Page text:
Errol Morris has been touted by critics way cooler than I as one of the best documentarian of all time and I have to begrudgingly agree. He tells stories that are attention grabbing, intense and moving. The foundation of these stories are the interviews he gets from his subjects. Being able to get Robert S. McNamara to talk at length about his involvement in Vietnam is no easy task. But Mr. Norris isn’t just interested in the effects of war or politics. He just wants an intriguing story and an intriguing interview. He got both with his most recent film, Tabloid.

Tabloid tells the story of Joyce McKinney, a former beauty queen, who travels to Britain and gets involved with a kidnapping and bondage story ripe for the British tabloids circuit. the tabloid system is even more harsh in Britain than it is in the good ole United States. They will stop at nothing to uncover the salacious details of a crazy story and boy is Ms. McKinney’s story crazy. She travels to Britain after learning her fiance has joined a Mormon mission there. She tracks him down and invites him into her car. Then she takes him to a cabin for a weekend of kinky sex that involved bondage (McKinney insists it as innocent bondage used to free up  his inhibitions. The papers allege it was something more sinister.). He then runs off and rejoins the Mormon mission and files charges against Ms. McKinney saying that he was kidnapped by her. She is taken to jail where she drops a letter to the newspapers telling her story and her innocence. This prompts a media circus and makes her a celebrity over night.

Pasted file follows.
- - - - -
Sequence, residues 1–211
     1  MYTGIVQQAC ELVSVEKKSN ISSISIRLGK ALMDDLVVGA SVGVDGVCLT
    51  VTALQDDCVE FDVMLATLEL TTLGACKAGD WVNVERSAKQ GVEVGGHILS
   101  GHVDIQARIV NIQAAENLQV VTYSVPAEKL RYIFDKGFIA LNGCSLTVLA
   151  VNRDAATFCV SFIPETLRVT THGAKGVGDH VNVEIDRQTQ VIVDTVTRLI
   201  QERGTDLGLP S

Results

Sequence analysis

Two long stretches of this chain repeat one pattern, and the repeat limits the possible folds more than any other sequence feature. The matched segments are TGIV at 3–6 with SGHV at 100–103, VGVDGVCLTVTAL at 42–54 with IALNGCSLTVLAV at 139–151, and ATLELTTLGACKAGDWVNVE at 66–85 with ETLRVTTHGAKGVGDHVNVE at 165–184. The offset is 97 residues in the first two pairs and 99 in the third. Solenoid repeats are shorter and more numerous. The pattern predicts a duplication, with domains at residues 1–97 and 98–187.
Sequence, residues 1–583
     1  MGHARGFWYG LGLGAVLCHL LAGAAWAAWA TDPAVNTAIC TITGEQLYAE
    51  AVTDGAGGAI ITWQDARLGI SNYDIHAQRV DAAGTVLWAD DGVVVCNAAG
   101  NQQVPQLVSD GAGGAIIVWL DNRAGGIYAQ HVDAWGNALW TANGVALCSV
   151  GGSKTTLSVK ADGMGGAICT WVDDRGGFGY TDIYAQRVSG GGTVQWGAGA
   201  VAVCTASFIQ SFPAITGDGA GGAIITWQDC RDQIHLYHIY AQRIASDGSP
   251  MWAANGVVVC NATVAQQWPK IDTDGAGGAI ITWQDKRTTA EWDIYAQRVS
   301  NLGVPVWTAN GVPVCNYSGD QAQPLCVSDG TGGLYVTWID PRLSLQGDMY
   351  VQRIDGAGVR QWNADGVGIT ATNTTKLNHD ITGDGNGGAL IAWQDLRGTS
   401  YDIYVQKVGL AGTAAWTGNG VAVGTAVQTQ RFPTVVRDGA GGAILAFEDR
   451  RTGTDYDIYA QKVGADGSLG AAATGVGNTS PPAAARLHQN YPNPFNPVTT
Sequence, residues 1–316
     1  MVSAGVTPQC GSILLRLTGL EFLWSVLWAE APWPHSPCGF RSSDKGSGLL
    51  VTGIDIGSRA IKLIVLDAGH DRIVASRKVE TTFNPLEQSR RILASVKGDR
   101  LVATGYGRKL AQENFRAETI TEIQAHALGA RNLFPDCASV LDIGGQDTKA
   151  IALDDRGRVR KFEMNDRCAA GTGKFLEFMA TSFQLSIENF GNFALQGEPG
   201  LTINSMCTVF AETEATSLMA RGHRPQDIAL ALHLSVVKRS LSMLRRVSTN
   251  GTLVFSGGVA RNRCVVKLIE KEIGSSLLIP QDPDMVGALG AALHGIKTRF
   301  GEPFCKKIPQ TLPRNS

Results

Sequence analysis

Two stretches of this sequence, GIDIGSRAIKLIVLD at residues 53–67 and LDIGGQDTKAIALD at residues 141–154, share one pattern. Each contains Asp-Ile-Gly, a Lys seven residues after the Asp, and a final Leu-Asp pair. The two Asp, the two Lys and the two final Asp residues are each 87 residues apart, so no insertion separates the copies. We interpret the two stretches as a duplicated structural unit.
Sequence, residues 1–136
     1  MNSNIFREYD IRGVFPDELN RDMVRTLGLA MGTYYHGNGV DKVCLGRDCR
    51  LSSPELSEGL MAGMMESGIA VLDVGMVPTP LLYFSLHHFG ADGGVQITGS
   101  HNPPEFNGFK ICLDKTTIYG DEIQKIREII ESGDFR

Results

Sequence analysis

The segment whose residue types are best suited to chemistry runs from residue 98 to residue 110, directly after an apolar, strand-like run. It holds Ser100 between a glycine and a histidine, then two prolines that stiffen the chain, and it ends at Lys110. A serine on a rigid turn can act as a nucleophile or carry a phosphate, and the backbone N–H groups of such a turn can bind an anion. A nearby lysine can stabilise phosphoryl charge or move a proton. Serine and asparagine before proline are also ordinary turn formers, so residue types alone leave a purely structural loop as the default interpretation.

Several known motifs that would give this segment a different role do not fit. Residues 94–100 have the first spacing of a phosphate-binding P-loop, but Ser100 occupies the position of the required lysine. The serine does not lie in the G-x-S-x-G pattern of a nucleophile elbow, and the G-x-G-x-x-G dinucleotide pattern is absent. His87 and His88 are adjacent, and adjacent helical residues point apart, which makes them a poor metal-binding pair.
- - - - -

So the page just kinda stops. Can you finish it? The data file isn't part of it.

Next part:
Ms. McKinney presents her story as a love gained and then lost. The papers present her story as a sex maniac with a history of fetishism. So what is the truth? Mr. Morris is not completely worried about discovering the unequivocal truth. He is more worried about showing the charisma of Ms. McKinney and the ruthlessness of the reporters. This film came out around the time that scandal was erupting in Britain with Rupert Murdoch and his News International phone hacking schemes. Whether that juxtaposition was intentional or not, Mr. Morris is able to capture a concrete example of a scandal and make this theoretical  issue into a real one. Was it right for those reporters to dig through Ms. McKinney’s personal effects or track down people she used to be involved with? Or was it all just a part of the game? It is up for you to decide.

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